We’re all familiar with the almost cliché ²einventions of pop artists — pop artists who strip down their music and go the folksy singer/songwriter route in an attempt to “just be real” and “be respected as a true artist.” But when was the last time you heard about a highly respected singer/songwriter who did just the opposite? And is doing it to be authentic, no less! Ladies and gentlemen, Bebo Norman?

There is a spring in the step of veteran singer/songwriter Bebo Norman, despite his recently broken leg. His sixth album, Between the Dreaming and the Coming True (Essential), releases September 19th; but the enthusiasm emanating from the Georgia native as he hobbles into a Nashville restaurant for his first interview about the new project seems like that of a debut artist. Quoting David Gray, an obvious musical influence who also recently reinvented his style and sound, Norman says with a wink in his voice, “You can’t be the underdog forever.

“While his 2004 release, Try, saw him returning to his troubadour roots, the new collection of songs marks a more expansive sound and a completely new lyrical approach. Less introspective and more inspirational, the songs feel at once deeply personal and profoundly universal. The new attitude coincides with a couple of major turns Norman’s life took over two years ago. A lingering feeling of disquiet and melancholy was disrupted by love as Norman added the title of “husband” to his ré³µmé® The shift in his spiritual life was geological in scope.

The new album’s opening track, “Into the Day,” an epic modern pop showpiece that invites the listener to step out of his or her own darkness just as Norman did three years ago, sets the tone for the entire disc. The resoundingly optimistic song came from that very dark valley Norman had walked through before his marriage. “I was throwing my hands up and asking God some hard questions,” he reveals. “I was tired of feeling like I was putting on a show or becoming a caricature of myself. I thought, ?God, unless You show up, I’m not sure if I’m there anymore.’ That dark night of the soul was pretty tremendous. God was extremely faithful through that time, through my wife and a handful of people that stood around me and picked me up. I like to be so self-sufficient that it was difficult to be picked up by other people, but it changed my life. It changed how I look at what I do and what it means to be a believer and to serve and be served.”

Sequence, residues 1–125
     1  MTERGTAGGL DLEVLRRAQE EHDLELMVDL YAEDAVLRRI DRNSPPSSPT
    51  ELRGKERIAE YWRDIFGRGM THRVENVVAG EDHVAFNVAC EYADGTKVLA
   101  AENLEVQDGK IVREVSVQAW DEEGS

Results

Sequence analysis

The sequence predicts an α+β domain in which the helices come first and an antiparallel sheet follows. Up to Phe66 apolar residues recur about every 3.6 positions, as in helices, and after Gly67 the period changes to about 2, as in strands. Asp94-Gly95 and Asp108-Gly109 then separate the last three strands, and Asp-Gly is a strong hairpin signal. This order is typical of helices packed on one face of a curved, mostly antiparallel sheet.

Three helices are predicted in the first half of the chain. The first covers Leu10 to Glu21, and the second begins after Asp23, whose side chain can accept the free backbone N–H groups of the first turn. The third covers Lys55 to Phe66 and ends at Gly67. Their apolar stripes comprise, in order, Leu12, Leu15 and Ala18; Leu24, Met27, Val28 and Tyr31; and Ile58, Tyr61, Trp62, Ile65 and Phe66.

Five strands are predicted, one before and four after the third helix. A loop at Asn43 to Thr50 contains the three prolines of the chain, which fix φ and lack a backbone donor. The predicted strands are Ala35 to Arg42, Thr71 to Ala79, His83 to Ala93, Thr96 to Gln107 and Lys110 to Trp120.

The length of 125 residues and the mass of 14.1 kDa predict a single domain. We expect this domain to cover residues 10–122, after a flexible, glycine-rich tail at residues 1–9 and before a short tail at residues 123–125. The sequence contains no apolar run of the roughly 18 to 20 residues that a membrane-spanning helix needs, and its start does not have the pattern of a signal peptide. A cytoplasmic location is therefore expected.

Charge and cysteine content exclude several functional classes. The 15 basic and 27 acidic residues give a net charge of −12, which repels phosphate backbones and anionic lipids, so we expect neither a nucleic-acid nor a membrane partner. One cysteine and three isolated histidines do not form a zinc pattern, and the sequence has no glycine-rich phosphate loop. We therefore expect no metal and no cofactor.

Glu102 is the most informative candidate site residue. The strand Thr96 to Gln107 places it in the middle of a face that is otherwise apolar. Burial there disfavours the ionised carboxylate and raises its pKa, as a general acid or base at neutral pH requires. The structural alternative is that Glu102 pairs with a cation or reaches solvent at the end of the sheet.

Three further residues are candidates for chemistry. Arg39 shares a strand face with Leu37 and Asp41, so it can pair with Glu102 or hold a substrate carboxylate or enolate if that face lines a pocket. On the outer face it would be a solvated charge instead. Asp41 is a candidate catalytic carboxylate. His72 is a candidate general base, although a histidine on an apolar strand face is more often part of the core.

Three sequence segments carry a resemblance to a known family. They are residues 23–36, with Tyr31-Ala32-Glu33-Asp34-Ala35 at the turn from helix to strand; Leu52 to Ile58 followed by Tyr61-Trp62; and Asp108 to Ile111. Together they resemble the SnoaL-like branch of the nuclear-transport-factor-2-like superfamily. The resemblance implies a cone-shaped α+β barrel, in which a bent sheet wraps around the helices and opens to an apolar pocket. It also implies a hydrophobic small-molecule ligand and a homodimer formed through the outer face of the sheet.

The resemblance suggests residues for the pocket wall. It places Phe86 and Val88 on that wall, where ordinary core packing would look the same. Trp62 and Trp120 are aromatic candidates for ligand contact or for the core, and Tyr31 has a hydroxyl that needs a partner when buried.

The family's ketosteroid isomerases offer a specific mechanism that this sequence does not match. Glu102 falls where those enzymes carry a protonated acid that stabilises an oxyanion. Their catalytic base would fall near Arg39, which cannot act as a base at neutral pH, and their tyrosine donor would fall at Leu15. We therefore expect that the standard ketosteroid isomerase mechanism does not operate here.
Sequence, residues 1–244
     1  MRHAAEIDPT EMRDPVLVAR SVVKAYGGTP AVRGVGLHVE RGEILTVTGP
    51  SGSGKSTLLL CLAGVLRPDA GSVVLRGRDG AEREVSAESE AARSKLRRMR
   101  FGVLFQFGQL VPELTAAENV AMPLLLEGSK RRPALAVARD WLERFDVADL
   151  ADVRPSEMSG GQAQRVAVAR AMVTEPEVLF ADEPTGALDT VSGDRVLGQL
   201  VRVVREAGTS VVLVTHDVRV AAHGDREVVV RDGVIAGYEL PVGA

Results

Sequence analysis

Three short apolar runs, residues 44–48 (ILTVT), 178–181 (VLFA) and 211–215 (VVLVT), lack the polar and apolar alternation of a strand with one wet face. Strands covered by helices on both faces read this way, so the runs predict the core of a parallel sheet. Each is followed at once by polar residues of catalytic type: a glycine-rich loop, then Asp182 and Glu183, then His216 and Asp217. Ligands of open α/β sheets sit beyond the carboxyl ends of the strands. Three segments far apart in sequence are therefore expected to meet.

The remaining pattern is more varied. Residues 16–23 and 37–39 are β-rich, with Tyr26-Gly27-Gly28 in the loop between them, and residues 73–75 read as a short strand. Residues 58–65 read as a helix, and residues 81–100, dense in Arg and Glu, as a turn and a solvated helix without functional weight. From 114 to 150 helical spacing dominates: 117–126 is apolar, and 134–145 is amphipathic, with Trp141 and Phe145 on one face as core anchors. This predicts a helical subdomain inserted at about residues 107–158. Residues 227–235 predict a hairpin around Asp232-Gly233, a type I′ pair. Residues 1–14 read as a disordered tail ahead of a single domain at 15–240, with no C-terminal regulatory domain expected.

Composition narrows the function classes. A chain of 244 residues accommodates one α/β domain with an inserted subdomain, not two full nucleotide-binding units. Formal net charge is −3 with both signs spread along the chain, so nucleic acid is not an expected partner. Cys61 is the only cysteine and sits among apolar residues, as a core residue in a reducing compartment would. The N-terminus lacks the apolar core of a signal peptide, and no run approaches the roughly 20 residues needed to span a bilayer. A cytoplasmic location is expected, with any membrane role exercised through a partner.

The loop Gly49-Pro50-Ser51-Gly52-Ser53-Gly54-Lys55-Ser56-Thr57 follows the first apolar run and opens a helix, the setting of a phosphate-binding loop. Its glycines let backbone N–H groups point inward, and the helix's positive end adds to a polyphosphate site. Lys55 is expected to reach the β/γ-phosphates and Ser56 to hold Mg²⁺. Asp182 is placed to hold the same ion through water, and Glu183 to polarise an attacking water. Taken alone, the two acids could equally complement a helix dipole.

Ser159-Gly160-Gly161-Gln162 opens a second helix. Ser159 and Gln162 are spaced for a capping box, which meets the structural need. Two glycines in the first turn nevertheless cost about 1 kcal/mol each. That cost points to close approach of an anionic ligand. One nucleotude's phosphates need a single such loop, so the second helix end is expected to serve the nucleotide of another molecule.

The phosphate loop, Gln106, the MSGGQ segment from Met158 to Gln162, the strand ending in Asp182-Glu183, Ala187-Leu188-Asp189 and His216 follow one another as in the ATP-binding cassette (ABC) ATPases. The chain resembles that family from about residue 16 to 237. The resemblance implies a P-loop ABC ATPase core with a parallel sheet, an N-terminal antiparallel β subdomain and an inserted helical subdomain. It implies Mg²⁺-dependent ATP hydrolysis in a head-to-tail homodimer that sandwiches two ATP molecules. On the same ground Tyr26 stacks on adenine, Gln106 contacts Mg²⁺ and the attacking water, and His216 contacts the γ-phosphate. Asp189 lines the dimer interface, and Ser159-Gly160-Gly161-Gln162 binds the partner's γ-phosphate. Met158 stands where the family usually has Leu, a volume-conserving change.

The song serves as the emotional linchpin of the whole disc. Melodically soaring, musically rich and passionately delivered, Norman’s days as a solo songwriter standing in the spotlight with his acoustic guitar and self-deprecating humor seem gone for now. Standing in its place is a newly confident, energized and comfortable pop artist. The change is from the inside out. “The last couple years have been the first time in my life that I’ve gotten some peace,” Norman admits eagerly. “I’ve lived my whole life — playing music, everything — operating out of fear, which is really odd because things have gone my way. But there is a fear of not accomplishing something…and then the fear that, if you do accomplish something, it will go away. Fear was always driving it.”

Shortly before his marriage a couple years back, he emerged from that fog into a much healthier space: “I’ve gotten to this place where I really feel peaceful for the first time.” He credits his marriage for, at least, part of the healing. “I think peace has come through being loved and served by my wife, and loving and serving her in return. Marriage has been a beautiful thing. It sort of transformed everything, and, all of a sudden, I feel comfortable in my own skin for the first time in my life.”


Copyright © 2006 CCM Magazine, Used by Permission

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